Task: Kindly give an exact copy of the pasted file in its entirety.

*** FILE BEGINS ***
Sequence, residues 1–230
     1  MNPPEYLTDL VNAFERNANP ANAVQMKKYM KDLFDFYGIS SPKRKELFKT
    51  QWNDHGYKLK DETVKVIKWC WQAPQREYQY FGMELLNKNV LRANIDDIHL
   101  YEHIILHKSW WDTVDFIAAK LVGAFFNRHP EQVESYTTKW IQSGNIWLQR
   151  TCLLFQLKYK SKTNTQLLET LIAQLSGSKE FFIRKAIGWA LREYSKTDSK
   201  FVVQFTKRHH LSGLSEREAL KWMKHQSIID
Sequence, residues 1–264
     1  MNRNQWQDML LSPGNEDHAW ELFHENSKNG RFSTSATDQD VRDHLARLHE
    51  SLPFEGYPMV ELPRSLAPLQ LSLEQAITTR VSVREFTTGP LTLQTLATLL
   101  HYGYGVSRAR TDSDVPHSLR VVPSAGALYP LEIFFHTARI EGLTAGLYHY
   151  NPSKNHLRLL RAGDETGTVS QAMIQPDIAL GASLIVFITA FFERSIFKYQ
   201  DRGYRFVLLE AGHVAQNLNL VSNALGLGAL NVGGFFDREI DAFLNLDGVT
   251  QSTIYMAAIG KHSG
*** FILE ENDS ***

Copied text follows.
Sequence, residues 1–230
     1  MNPPEYLTDL VNAFERNANP ANAVQMKKYM KDLFDFYGIS SPKRKELFKT
    51  QWNDHGYKLK DETVKVIKWC WQAPQREYQY FGMELLNKNV LRANIDDIHL
   101  YEHIILHKSW WDTVDFIAAK LVGAFFNRHP EQVESYTTKW IQSGNIWLQR
   151  TCLLFQLKYK SKTNTQLLET LIAQLSGSKE FFIRKAIGWA LREYSKTDSK
   201  FVVQFTKRHH LSGLSEREAL KWMKHQSIID
Sequence, residues 1–264
     1  MNRNQWQDML LSPGNEDHAW ELFHENSKNG RFSTSATDQD VRDHLARLHE
    51  SLPFEGYPMV ELPRSLAPLQ LSLEQAITTR VSVREFTTGP LTLQTLATLL
   101  HYGYGVSRAR TDSDVPHSLR VVPSAGALYP LEIFFHTARI EGLTAGLYHY
   151  NPSKNHLRLL RAGDETGTVS QAMIQPDIAL GASLIVFITA FFERSIFKYQ
   201  DRGYRFVLLE AGHVAQNLNL VSNALGLGAL NVGGFFDREI DAFLNLDGVT
   251  QSTIYMAAIG KHSG